p4. These housing programs are good for the homeless because it also acts as a grace period, and not just a permanent shelter. In the sense of a grace period, it allows the homeless to be reintroduced into regular society aspects, like being around and communicating with others. These skills are essential for the homeless to get back into the work force. When people say things like “why dont they just get a job?” Well the people who say that know that it is never that easy, especially for people who have not been around regular people, or those with head trauma. Once these people stabilize after a while, certain simple jobs like cashiers at 7-11, or other simple jobs like that can be given obtained by the previously homeless as a starting point for income, and that is what programs like Haggerty’s aims to do. People and programs like these are why the homeless can integrate back into society, slowly but surely. Getting homeless in permenant shelters is what provides them with a good starting point to get them back on their feet, head trauma or not, these people deserve to have a home and access to clean water and food.

p5. The real question surrounding this topic  is “is it all worth it?” Doesn’t it seem expensive to shelter all those people for free, and providing them with medical needs, food, and water. As heartless as the notion seems, the homeless are very expensive to take care of, and that’s why a majority of cities would rather fine them and leave them on the streets than take care of them. Given the evidence from these articles it seems that it is a noble and fruitful task to put time and money into. The articles are compelling, for many of reasons, but the main one is that even if these people suffer from brain damage they have a right to a safe home and clean water. Many people think that homeless people did it to themselves, or that they deserve it for  being lazy or having financial issues, but the economy is rough, and like stated previously, getting a job is hard, even for people who are not homeless. And Homeless people who have life-threatening medical conditions should not be sent back into the streets as soon as the hospitals are done with them. Solely  the argument is compelling on a human level. No one deserves to be in that situation, regardless of their past, and being homeless is not a crime, so why do people and cops view it as such. Helping out the homeless, as expensive and time extensive as it is, should be a given because they are people in need and that is really it. So the articles are compelling and thanks to the authors who went out and gathered all the information about the Housing First programs, or what being homeless is really like, these articles could help convince and inspire other people to help.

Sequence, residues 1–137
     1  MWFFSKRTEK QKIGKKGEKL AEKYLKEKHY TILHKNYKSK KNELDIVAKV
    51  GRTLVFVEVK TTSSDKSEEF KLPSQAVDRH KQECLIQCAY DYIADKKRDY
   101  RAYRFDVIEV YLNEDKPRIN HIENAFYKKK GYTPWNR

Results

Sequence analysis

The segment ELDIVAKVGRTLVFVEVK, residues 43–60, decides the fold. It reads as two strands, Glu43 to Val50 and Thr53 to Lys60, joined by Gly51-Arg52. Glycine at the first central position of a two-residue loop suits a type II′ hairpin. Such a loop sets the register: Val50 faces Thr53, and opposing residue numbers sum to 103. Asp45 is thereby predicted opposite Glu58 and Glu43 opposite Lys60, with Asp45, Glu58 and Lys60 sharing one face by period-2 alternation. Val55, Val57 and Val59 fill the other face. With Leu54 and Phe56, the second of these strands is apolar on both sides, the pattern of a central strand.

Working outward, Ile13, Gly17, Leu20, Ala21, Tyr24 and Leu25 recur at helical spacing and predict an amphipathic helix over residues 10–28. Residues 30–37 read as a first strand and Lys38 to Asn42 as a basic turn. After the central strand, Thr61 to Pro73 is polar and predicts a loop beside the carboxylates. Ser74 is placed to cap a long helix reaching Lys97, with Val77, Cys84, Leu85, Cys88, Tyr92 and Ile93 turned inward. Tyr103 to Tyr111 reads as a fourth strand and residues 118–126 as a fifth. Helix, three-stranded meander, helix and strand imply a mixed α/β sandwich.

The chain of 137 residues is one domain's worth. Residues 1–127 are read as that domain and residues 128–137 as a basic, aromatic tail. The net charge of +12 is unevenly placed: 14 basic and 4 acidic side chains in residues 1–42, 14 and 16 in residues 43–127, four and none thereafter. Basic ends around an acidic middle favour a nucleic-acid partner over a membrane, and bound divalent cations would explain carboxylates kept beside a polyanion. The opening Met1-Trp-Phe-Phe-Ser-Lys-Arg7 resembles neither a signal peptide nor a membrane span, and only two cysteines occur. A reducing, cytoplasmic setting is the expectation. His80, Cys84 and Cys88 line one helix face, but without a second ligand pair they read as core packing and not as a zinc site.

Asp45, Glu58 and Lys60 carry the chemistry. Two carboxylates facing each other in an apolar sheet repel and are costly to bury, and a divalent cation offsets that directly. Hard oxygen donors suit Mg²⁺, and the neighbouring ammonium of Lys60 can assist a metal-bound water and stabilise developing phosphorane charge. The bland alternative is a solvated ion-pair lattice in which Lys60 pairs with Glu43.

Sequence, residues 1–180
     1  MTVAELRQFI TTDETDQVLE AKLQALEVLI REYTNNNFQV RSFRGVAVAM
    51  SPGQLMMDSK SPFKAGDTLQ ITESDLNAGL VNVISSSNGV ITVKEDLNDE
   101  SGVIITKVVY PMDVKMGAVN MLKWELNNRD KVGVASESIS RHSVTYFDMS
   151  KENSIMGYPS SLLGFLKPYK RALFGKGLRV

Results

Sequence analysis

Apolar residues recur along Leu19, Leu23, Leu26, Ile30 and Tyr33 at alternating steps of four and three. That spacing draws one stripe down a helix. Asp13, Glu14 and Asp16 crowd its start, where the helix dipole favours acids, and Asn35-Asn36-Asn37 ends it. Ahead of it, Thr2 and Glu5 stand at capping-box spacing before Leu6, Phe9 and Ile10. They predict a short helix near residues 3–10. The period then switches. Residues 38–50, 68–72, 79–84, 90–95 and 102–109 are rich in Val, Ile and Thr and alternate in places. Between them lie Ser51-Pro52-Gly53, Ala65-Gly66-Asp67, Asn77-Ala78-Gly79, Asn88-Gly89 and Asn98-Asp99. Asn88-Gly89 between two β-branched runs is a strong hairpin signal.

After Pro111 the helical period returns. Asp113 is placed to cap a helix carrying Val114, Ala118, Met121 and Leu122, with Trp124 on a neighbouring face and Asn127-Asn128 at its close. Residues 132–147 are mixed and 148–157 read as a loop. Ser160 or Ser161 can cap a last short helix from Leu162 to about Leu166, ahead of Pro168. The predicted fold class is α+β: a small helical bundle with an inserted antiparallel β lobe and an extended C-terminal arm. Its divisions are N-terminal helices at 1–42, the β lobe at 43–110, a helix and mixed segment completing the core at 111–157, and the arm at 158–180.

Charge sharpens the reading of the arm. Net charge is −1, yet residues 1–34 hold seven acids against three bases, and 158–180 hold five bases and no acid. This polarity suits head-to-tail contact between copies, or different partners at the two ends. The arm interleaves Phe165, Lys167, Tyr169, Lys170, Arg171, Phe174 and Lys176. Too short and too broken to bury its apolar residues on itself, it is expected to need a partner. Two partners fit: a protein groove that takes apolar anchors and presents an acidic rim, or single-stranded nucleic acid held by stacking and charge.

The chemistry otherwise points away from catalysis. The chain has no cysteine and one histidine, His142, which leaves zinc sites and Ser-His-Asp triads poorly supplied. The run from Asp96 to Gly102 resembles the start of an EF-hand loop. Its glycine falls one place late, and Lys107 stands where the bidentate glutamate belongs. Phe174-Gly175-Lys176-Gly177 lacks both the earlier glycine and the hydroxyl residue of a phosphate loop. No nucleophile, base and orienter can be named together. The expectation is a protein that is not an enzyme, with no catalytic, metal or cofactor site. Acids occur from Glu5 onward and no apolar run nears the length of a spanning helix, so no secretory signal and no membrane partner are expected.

Works Cited

Borenstein, David. “A Plan to Make Homelessness History.” Opinionator.blogs.nytimes.com. N.p., 20 Dec. 2010. Web.

Borenstein, David. “The Street-Level Solution.” Opinionator.blogs.nytimes.com. N.p., 24 Dec. 2010. Web.

“ProQuest Statistical Abstract of the USA2014 134 ProQuest Statistical Abstract of the USA Ann Arbor, MI ProQuest 2013-.” Reference Reviews 28.4 (2014): 22-24. Web.

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3 Responses to A Blow to the Head—nickalodeansallthat

  1. nickalodeansallthat says:

    Classwork Complete

    • davidbdale says:

      Thanks for completing the assignment, Nick. I see that you made significant changes. I’ve marked just a couple of oddities in red.

      Would looking at a pair of sentences help call your attention to simple ways to improve your writing? These are the two I have in mind:

      Many obstacles come with being homeless, the biggest obstacle being, without a home. But homeless people face a variety of other challenges too, such as being fined for being homeless, or not getting the proper care medically.

      Notice the repetitions.
      1. Being without a home isn’t the only obstacle the homeless face.
      2. The most obvious obstacle is being without a home.
      3. But being without a home isn’t the only obstacle the homeless face.
      4. Then you name two others.

      No one will die as a result of your wordiness, but it’s my job to alert you to simple ways to avoid extra language.

      Please, for a couple of minutes, describe your strategy for improving your introduction, Nick. What did you want to accomplish?